The logistics sector moves against this history both in terms of economic trajectory and of unionization.

Between 2007 and 2013, the transportation and storage sector registered a 5.6 percent increase in production value. This growth depended mainly on increased outsourcing of all circulation activities, from material supply to final delivery, which align with production offshoring practices and contract logistics. The increase also reflects Italy’s strategic trade position between Asia and Europe.

As has happened globally, companies reorganized logistics along the lines of just-in-time (JIT) production in hopes of wringing even more profit out of their workers. But, just as JIT production intensifies exploitation, it also increases workers’ potential for disruption — a potential logistics workers increasingly recognize.

The Work of Logistics

In order to overcome Italy’s inadequate institutional and technological infrastructure, the logistics sector relies on cooperatives, which employ low-paid immigrant workers, to turn a profit.

To understand labor conditions in these workplaces, we must dispel of any illusions about the so-called red cooperatives. Over the last twenty years, these organizations have increasingly adopted capitalist principles.

For example, in order to be hired as an “associate worker,” job seekers must pay fees ranging from two to fifteen thousand euros. The cooperatives do little to regulate hours or wages, and workers must put all their time at the disposal of JIT production.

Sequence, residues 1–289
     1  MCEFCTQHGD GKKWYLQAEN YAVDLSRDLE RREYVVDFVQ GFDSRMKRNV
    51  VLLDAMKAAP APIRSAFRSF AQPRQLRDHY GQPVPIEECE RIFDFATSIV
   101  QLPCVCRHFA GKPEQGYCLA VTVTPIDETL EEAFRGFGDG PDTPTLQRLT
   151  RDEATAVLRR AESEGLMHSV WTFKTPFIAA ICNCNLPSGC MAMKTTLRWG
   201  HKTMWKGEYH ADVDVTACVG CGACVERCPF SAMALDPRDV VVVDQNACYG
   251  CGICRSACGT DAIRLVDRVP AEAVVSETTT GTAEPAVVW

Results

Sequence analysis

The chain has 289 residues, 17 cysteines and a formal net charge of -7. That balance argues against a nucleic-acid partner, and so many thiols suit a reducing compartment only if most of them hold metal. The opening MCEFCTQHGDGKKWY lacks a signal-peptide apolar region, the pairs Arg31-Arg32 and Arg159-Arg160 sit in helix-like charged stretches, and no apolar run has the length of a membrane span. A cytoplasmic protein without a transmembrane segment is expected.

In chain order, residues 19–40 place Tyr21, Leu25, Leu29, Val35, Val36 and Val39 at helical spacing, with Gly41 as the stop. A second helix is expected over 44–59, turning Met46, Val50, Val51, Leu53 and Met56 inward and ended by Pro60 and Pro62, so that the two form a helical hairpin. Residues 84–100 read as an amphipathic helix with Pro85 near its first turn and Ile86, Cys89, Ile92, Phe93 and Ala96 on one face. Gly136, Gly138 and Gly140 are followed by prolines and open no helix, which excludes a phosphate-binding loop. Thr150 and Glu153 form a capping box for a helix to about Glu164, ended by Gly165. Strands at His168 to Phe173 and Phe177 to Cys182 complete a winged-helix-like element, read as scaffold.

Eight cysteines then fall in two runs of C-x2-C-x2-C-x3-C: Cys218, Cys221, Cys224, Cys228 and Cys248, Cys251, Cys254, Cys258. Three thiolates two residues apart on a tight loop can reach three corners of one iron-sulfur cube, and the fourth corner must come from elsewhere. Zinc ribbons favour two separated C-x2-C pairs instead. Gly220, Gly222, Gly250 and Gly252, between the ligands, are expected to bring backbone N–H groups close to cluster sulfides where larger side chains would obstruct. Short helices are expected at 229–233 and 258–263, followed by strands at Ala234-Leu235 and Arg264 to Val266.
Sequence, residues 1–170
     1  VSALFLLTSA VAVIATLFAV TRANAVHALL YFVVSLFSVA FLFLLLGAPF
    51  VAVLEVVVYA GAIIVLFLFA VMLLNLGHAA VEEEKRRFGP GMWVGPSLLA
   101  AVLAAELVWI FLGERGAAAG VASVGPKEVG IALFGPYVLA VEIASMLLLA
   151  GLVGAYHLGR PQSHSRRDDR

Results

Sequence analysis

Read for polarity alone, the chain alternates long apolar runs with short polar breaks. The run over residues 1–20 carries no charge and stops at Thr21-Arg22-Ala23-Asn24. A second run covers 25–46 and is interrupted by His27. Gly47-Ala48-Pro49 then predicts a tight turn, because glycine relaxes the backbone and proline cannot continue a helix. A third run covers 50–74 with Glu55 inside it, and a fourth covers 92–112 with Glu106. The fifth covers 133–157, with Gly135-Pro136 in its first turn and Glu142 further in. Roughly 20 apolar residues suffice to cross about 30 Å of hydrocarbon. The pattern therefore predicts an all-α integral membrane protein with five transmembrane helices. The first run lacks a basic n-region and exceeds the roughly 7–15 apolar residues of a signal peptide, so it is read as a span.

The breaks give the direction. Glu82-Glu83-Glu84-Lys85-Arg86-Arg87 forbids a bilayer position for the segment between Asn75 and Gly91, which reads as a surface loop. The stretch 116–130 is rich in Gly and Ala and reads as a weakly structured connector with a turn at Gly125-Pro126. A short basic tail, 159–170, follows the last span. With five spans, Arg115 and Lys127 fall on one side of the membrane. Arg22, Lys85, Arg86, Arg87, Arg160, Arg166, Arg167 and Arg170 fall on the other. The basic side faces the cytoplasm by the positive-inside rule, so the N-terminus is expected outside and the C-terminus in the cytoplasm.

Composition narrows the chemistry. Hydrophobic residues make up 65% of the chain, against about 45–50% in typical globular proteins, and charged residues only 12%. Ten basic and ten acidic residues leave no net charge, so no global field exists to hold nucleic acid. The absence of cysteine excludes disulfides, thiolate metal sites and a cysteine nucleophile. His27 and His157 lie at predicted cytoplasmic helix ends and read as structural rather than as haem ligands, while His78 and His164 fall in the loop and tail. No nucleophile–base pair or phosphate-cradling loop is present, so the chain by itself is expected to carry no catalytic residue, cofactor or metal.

In many cases, bosses plan the opening or closing of cooperatives in order to wipe out workers’ accumulated seniority, avoid paying salaries, and sack unionized or militant workers.

Before 2015 these practices were so prevalent that some cooperatives took an average of fifteen thousand euros per year from each worker while paying about seven hundred euros in monthly wages.

Immigrant workers are particularly vulnerable. Cooperatives systematically encourage supervisors, mostly of Italian origin, to use psychological and physical violence in order to keep their workers in check. For example, as recounted in a book on Italian union organizing, supervisors

[controlled] the possibility of urinating by denying or delaying access to toilets . . . They regulated the rhythm of the working day to the sound of curses and insults . . . [without calling] workers by name, but whistling or using nicknames linked to their countries of origin.

In some cases, supervisors physically assaulted workers who asserted their rights or refused to submit.

By outsourcing to cooperatives, companies can meet JIT production imperatives, enforce extremely precarious working conditions, and reduce labor costs. As Sergio Bologna argues, this allows Italian logistics to compete despite its technological and infrastructural weaknesses.

But working conditions aren’t much better for the workers directly employed by multinational corporations.